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The Bitter Triumph Of Ia Drang
The first major engagement of the U. S. Army in Vietnam was a decisive American victory. Perhaps it would have been better for all of us if it had been a defeat.
February/March 1984 | Volume 35, Issue 2
In standard infantry tactics, forces are moved into an attack position out of range of enemy small arms. Their objective is bombarded by artillery and air strikes, and under cover of this fire the infantry begins to move forward. At a prearranged point the supporting fires are lifted and the final assault is launched. In air combat assaults in Vietnam the process was somewhat different. The men were staged in a secure area some distance away and loaded on troop-carrying helicopters. Meanwhile, their landing zone was taken under fire by artillery, air strikes, and gunships. The bombardment continued as the troop-laden helicopters approached the zone, lifting only seconds before the initial wave touched down. Emerging from their helicopters with all guns blazing, this initial assault wave secured the landing zone to allow the rest of the attacking party to land. And this is precisely what happened at Landing Zone X-ray on the morning of November 14, 1965.
When the lead elements of Company B touched down at 1030 hours, it was probably fortunate that they were unaware of the odds they were to face. What they were soon aware of was that the aerial reconnaissance had been deceptive. What had looked like an open clearing from the air was actually thick elephant grass up to five feet in height. The area was dotted with eight-foot-high anthills, and the terrain to the west on the foothills of the Chu Phong Mountains was especially dense.
But while far from ideal, this ground did not prevent helicopter landings, and the battalion commander, Lt. Col. (later Lt. Gen.) Harold G. Moore, immediately ordered the rest of the battalion to close. Within minutes the lead elements of Company A were on the ground. So far the landing had been unopposed, but at 1245 hours Company B, moving northwest to expand the landing zone, ran headlong into two companies of North Vietnamese infantry. The resulting fire fight triggered a barrage of North Vietnamese rocket and mortar fire on the landing zone, which made immediate helicopter reinforcement extremely hazardous. Most of Company C and the lead elements of Company D had landed, but as the helicopters began taking heavy ground fire, Colonel Moore waved off the rest of the lift. The forward rifle companies, now under intense, close-range machine-gun and automatic-weapons fire, broke off their attack and hastily assumed defensive positions. One platoon of B Company, however, found itself surrounded.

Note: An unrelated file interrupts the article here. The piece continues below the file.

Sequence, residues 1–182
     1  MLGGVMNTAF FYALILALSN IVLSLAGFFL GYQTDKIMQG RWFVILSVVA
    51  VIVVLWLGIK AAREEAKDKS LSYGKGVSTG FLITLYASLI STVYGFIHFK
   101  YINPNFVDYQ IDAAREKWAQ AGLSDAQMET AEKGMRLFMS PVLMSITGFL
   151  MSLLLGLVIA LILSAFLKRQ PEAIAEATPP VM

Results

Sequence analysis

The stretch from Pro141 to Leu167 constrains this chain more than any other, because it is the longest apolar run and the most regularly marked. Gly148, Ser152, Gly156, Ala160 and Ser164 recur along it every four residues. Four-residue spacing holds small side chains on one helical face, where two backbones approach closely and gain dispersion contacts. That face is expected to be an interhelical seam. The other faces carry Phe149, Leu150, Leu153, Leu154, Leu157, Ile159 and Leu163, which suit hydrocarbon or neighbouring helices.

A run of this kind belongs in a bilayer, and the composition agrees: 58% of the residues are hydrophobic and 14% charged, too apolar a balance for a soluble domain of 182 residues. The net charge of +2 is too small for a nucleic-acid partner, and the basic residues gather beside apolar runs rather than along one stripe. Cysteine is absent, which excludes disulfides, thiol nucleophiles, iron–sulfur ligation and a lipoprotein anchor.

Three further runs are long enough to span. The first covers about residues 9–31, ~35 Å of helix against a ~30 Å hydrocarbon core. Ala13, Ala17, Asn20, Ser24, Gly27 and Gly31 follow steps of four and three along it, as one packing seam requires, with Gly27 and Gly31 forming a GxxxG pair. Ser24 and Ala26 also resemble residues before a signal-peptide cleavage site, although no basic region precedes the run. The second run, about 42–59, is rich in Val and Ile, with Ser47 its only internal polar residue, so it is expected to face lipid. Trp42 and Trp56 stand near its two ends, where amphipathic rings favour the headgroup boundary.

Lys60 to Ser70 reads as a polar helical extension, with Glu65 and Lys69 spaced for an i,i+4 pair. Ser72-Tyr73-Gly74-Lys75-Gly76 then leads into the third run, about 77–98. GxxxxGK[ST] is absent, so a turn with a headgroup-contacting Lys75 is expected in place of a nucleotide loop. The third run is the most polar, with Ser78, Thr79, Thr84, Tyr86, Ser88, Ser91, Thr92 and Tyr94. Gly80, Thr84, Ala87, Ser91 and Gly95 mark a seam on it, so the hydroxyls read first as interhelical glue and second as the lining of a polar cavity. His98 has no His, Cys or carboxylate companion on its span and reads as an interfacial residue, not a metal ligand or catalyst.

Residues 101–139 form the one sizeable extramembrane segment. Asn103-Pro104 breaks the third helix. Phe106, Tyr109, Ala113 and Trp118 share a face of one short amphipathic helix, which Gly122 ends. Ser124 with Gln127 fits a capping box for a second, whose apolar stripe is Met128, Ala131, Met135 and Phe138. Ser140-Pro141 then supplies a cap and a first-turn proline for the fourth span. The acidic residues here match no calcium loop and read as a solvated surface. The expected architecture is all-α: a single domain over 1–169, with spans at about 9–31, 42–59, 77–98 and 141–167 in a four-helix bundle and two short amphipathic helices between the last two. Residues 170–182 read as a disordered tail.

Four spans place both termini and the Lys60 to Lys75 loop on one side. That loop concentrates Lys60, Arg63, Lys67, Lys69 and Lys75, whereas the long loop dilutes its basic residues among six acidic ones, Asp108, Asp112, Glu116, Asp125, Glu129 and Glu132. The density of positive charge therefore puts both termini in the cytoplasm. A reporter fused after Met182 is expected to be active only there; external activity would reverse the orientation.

Now aware that his battalion was heavily outnumbered, at 1500 hours Colonel Moore requested reinforcements. The 120 men of Company B, 2d Battalion, 7th Cavalry, were alerted to fly into the battle area, and the entire 2d Battalion, 5th Cavalry, was moved by air to Landing Zone Victor, about two and a half miles southeast of Landing Zone X-ray, and was ordered to march overland toward the sound of the guns at first light the next day.
Meanwhile, the cut-off platoon of Company B was taking heavy casualties. At 1620 hours a coordinated attack by Company A and the remainder of Company B to relieve them stalled in the face of heavy enemy fire. Unable to make forward progress and risking defeat in detail (that is, having his companies picked off one at a time by superior enemy forces), Colonel Moore saw that the immediate key to survival of his battalion was to hold the landing zone at all costs and to await reinforcement. As he pulled his companies back into a tight perimeter around the landing zone, helicopters began to land the lead elements of Company B, 2d Battalion, 7th Cavalry, and by 1800 hours the entire company had closed. By 1900 hours the perimeter defense was complete, and the battalion awaited the attack it believed was to come.
At dawn on November 15, the North Vietnamese struck bringing Company C under heavy attack and wounding its commander. Despite fierce hand-to-hand fighting, the company managed to hang on. At 0715 hours Company D also came under attack, and by 0745 the entire battalion was under fire. At 0755 Colonel Moore again asked for reinforcements, and Company A, 2d Battalion, 7th Cavalry, was alerted to move in by air. For the next two hours the rifle companies of the 1st Battalion kept up their fire and held their position. The North Vietnamese fire began to slacken by 0900 hours, and by 1000 hours they broke contact. Shortly thereafter the four rifle companies of the 2d Battalion, 5th Cavalry, marched in from Landing Zone Victor to join the perimeter.
With ten rifle companies now available—his own four, two from the 2d Battalion, 7th Cavalry, and four from the newly arrived 2d Battalion, 5th Cavalry—Colonel Moore launched an attack to rescue the stranded platoon, and at 1510 hours, November 15, contact was finally reestablished. The survivors had undergone a harrowing experience, one described vividly in the official history of the battle: